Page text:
Dunbritton considered the options of:
- being full partners in both CHRs; or
- being a buddy in one or both - asking for information from CHR database from another partner.
They reviewed their stock numbers and progress in both areas, and decided to participate as a full partner in HOME Argyll, as their stock level in this area was growing and CHR development was at a more advanced stage.
Dunbritton includes its West Dunbartonshire stock on the HOME Argyll form. This means that applicants can apply for stock in Argyll and Bute and West Dunbartonshire using the one form, and all information is held in the HOME Argyll common database. In the longer term Dunbritton will consider how to link with the West Dunbartonshire CHR once it is operational. In the meantime, Dunbritton is participating as a full partner in CHR development in West Dunbartonshire.
Example: Ensuring all options are promoted through the form
In Perth and Kinross there are nine housing providers with stock in the area who are not yet directly involved in allocations through the CHR. The guidance which accompanies the common application form gives a full list of the other landlords in the area and lets applicants know that they will have to contact them individually in order to request an application form. As well as contact details the form gives details of where the landlord holds stock, the number and type of homes available and whether there are any criteria for applicants or special features in relation to the properties or allocations process.
Options: Providing housing information and advice
Options for the provision of housing information and advice range from providing basic advice and signposting, to providing more comprehensive housing options advice and undertaking personal housing planning.
Example: Information and advice from a holding landlord
In Manchester, information and advice is provided by the organisation or office which received the original application and holds the case papers. This particular office informs applicants of their housing prospects on behalf of all CHR partners. Staff are trained in providing advice on other partners' stock with extensive information on stock type, availability and turnover which is held on the CHR system. 10
Options: Participation in decisions about the CHR model
Finally, there are options for how organisations actually participate in decisions about the CHR model. Landlords can either fully participate in CHR development, or can use other arrangements to be involved in the development process. For example, some landlords opt to simply receive information about CHR development to help inform their decisions. Others opt to nominate one representative for two or three partners, to limit the staff time dedicated to CHR development.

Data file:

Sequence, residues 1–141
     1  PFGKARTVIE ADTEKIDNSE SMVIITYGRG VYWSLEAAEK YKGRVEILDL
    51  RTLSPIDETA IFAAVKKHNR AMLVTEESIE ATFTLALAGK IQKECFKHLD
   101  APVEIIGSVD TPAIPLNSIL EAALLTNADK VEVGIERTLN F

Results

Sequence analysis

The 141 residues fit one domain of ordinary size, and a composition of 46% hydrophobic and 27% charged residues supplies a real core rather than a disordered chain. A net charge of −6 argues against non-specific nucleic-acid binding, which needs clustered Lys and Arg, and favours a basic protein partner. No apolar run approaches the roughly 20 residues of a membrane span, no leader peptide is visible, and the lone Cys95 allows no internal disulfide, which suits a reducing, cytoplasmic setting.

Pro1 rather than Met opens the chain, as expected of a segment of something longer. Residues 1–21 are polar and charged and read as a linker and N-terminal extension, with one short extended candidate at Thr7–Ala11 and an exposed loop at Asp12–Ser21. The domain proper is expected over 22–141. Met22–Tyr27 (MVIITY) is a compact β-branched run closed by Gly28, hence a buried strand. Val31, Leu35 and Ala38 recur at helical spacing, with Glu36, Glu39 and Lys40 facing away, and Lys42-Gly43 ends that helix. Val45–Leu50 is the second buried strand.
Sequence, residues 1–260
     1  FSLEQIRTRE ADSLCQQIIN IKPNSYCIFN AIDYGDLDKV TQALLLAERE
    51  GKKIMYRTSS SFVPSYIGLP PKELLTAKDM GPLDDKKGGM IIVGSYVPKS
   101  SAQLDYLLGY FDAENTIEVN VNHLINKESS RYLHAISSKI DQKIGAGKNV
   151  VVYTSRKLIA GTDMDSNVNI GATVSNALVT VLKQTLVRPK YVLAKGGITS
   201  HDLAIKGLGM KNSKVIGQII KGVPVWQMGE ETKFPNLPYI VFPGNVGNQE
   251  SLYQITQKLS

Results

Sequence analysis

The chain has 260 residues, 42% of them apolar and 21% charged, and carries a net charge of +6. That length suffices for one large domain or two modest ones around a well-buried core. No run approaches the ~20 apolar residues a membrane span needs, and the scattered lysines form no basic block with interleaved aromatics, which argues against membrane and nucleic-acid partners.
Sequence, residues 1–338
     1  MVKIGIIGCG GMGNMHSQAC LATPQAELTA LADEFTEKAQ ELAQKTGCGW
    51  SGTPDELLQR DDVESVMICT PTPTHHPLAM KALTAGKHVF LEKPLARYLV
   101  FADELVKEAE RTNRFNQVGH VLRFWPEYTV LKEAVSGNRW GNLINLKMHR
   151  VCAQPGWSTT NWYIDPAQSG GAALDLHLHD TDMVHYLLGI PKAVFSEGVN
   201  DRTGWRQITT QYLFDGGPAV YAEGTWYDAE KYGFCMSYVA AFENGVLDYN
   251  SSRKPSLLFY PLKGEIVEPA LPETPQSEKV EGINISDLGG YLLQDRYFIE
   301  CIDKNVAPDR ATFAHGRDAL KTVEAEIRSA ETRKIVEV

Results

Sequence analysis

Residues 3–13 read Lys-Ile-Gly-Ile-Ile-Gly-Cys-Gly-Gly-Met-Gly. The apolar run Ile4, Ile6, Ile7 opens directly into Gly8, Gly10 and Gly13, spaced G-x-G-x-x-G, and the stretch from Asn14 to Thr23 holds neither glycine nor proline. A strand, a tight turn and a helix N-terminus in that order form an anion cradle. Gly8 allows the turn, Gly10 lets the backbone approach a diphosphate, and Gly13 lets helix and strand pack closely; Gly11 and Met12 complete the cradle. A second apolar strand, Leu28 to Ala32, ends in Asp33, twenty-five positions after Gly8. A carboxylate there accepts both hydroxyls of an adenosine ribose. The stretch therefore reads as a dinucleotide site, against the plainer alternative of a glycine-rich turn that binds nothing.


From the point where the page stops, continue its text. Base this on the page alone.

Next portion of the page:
Landlords with stock in an area where a CHR is being developed will, as a minimum, want to be clear about the vision for the CHR and the emerging model that is being developed. Decisions on the level of involvement will be influenced by the CHR model that is being developed - whether landlords feel they can integrate easily with what is being proposed or whether they need to influence how the CHR will operate. The level of involvement in CHR development, and ongoing involvement will be influenced by the level of stock held in the area and the level of turnover.
Example: Taking only a watching brief
Hanover is a national special needs RSL with housing stock in 10 local authority areas where CHRs are operational or being considered. Hanover have found it feasible to have different levels of involvement in different CHRs. It participates in the national CHRSHOP, - run by Bield, Hanover and Trust Housing Associations. It was also a full partner in Homechoice. It represented Bield and Margaret Blackwood in CHR development in the Scottish Borders. And it maintains a watching brief over Fife, Renfrewshire and North Lanarkshire CHRs. 11
Landlords operating across more than one local authority area
Decisions about how to participate in CHRs are vital for all landlords. But they are particularly important for regional and national landlords operating across more than one local authority area. Guidance for national and regional RSLs 12 identified that in Scotland, nearly a third of RSLs work in more than one local authority area. Of these, 28 operate in three or more areas and nine operate in ten or more areas. Several have stock in more than 20 areas. While some RSLs have a relatively even distribution of stock across all their areas of operation, others have most of their stock in one area, with much smaller holdings in other local authorities. The Scottish Government guidance for national and regional landlords states that it may not be practical for regional and national RSLs to be fully involved and electronically integrated with CHRs in every area in which they have stock.
Regional and national landlords should think about the type of involvement they want to have in a CHR - and consider the options for involvement outlined above. There is no single answer to the difficulties faced by regional and national RSLs in Scotland. The decision depends on the local housing context, and what is acceptable to CHR partners.